Battery and Amps Question

Discussion in 'General Electronics Chat' started by TimCollins, Oct 8, 2011.

  1. TimCollins

    Thread Starter New Member

    Sep 19, 2011
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    I have a few simple questions about batteries and Amps. For example, I am working with an ‘enercell’ Sealed Lead-Acid Battery (SLA) 12V – 12Ah.
    Is there a way you can know from these specs what the maximum Amps a battery can produce?
    Is the only way to measure how many Amps a load (which you do not have specs for) is pulling without having an ammeter? I do have a voltmeter. If not, I may need to just fork out the dough and buy an ammeter huh…
     
  2. SgtWookie

    Expert

    Jul 17, 2007
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    You need to look at the manufacturer's datasheet for your particular battery.

    You may have bought that battery at Radio Shack, which means you are out of luck for getting a real datasheet.

    However, the battery might put out 150A to 200A for a few moments.
     
  3. TimCollins

    Thread Starter New Member

    Sep 19, 2011
    9
    0
    You are spot-on Sgt... It is Radio Shack Battery. In the future I will know to look for a spec sheet. In the mean time I think it is time for me to invest in an ammeter anyway... Thanks for the info!
     
  4. SgtWookie

    Expert

    Jul 17, 2007
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    You really don't want to buy an ammeter capable of measuring the maximum output of that battery. You could go to an auto parts store and have them test it if you wished, but I suggest that you don't.

    Why would you want to know the maximum output current anyway?

    The maximum power transfer will occur when the load is the same impedance as the source. Your SLA battery will likely have an impedance of 0.014 to 0.020 Ohms when it is fully charged. If it has 20m Ohms impedance and you are using a 20m Ohm load, you'll get about a 1.82kWatts power transfer and ~300 Amperes of current flow. However, that is probably enough current to melt the tabs right off the battery; if the tabs don't melt off then something inside the battery will melt after a short period of time. If that doesn't happen, then a fire or explosion could result, or you will melt whatever conductor that you are trying to short the battery with.
     
  5. Smoke_Maker

    Active Member

    Sep 24, 2007
    126
    15


    It depends on the LOAD, What is it?? if it a resistive load you can measure it with your meter.

    As for the battery Sgt. is right, but even the spec. sheet dose not tell the whole story. Batteries do not fully form until after several cycles and even then they might not meet spec.

    Radio shack might have a "shunt" or some other store might have one. A shunt can be used as a cheap amp meter, when current go's through the shunt at two little screws on the side will give you a voltage comparison of the amps going through the shunt.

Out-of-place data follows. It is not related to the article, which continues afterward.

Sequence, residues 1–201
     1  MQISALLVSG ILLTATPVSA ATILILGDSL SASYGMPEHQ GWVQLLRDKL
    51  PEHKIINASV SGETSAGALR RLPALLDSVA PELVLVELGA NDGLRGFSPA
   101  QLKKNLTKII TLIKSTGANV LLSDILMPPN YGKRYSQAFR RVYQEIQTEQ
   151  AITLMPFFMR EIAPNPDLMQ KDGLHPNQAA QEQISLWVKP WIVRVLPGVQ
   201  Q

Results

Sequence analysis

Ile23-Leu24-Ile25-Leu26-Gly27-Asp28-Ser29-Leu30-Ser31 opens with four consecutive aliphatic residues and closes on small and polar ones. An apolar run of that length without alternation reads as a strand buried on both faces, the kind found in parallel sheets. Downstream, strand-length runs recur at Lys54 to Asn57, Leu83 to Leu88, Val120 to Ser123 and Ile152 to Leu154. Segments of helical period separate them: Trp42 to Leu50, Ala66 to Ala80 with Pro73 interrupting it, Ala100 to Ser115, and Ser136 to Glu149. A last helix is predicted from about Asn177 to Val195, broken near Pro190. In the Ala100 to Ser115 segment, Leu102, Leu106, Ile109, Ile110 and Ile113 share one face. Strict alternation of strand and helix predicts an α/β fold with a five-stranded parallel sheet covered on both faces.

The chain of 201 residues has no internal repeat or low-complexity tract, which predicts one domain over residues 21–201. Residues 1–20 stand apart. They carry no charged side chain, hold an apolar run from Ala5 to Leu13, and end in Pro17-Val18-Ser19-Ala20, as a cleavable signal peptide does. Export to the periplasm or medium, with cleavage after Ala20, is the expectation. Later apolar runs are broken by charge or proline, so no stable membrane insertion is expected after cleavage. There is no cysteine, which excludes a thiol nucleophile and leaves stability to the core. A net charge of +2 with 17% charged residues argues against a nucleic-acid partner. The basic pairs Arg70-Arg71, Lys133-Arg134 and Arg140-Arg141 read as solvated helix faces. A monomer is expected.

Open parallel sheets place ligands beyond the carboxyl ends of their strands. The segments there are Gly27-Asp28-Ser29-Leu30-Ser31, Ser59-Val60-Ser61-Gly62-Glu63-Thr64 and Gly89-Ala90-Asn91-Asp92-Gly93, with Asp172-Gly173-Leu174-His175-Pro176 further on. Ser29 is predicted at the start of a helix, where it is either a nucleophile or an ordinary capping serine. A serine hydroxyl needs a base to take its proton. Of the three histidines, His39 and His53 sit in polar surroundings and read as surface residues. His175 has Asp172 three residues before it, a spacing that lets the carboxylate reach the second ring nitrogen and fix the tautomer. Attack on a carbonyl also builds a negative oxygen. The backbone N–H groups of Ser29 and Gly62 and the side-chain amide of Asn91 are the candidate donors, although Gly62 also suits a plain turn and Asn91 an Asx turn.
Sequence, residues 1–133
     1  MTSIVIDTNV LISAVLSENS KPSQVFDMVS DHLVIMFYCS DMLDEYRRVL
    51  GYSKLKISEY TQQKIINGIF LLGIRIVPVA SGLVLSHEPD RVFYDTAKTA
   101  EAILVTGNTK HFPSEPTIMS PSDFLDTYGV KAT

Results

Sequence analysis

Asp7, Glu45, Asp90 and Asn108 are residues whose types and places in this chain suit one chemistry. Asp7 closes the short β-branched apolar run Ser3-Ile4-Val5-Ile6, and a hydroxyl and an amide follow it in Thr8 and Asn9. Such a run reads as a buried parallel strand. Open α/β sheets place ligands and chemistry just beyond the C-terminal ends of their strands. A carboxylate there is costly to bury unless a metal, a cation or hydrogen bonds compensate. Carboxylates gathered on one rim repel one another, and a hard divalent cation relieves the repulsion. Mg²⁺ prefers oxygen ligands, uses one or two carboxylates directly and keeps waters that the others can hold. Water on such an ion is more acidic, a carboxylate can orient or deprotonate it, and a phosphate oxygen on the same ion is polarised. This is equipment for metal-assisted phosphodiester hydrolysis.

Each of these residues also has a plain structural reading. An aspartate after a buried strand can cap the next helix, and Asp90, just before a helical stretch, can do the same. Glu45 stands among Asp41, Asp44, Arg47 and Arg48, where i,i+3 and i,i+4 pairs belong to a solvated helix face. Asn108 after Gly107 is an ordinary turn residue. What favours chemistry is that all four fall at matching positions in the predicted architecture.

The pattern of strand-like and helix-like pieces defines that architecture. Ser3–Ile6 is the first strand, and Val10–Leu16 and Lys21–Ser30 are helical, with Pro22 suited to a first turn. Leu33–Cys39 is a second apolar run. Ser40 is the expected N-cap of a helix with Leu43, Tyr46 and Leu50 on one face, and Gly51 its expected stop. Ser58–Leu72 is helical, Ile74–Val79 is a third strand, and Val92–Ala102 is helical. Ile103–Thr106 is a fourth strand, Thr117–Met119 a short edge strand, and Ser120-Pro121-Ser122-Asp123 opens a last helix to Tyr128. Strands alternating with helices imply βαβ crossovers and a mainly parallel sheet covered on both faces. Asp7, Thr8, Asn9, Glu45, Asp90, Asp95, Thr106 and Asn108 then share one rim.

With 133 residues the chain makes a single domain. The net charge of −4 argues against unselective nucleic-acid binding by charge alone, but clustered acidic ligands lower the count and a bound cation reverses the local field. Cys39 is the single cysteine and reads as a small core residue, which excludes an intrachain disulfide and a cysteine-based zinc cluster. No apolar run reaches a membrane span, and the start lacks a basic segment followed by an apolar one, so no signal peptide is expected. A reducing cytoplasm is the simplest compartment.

6. Adjuster

    Well-Known Member

    Dec 26, 2010
    2,147
    300
    Using a shunt is a possibility, and may be the best way if the unknown current is above 10A or so, as amongst other things this is the limit of a lot of multi-meters. There are a few pitfalls though. With a shunt and a voltmeter, the user needs to understand how to interpret the results. That's just Ohm's law and a simple multiplication, but the wording of the OP's enquiry suggests he may not be familiar with such things.

    There is another issue: most DMMs, come with a fuse for protecting current ranges against overload, including the results of connecting the ammeter in parallel with the supply instead of in series. This is a mistake often made by newbies, and some of us who ought to know better, if we don't keep our minds on what we are doing. At least the fuse can prevent a fire, though the meter may still suffer. A simple shunt on the other hand may have no fuse. Putting a few milliohms shunt across a lead accumulator is not a good plan. You should NEVER try to test the maximal current capacity of the battery like that.
     
  7. #12

    Expert

    Nov 30, 2010
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    6,852
    It's like saying, "I wonder how fast this engine can go if I put a brick on the accelerator pedal".

    It will go, but you better have a fire extinguisher handy.
     
  8. CraigHB

    Member

    Aug 12, 2011
    127
    15
    In general, you can always find current flow by measuring the voltage drop across a known resistance. Simply divide out the resistance from the drop. I have an ammeter that goes up to 20A, but I commonly use that method for a quick check when I don't want to involve the ammeter. The ammeter does introduce some load resistance which causes an amount of error at higher currents.

    I also use that method when finding the DC resistance for the lithium-polymer batteries I commonly use. It's usually given in the data sheet only as AC impedance tested at a particular frequency, but I want to know a battery's DC resistance for purely resistive loads. Keep in mind the numbers you get are dependant on load current and state of charge so you probably want to take a few data points under various conditions.

    To find a battery's DC resistance, measure the open circuit voltage. Then measure voltage at the battery terminals under load with a known resistance. Compute curent. Divide the difference in loaded and unloaded batt voltage by current flow to get the battery's DCR.

    .
     
    Last edited: Oct 9, 2011
  9. Audioguru

    New Member

    Dec 20, 2007
    9,411
    896
    A little 12Ah lead-acid battery will provide only 1.2A for 10 hours. At a current of 12A or more it might last for 10 minutes or it might melt or blow up.
     
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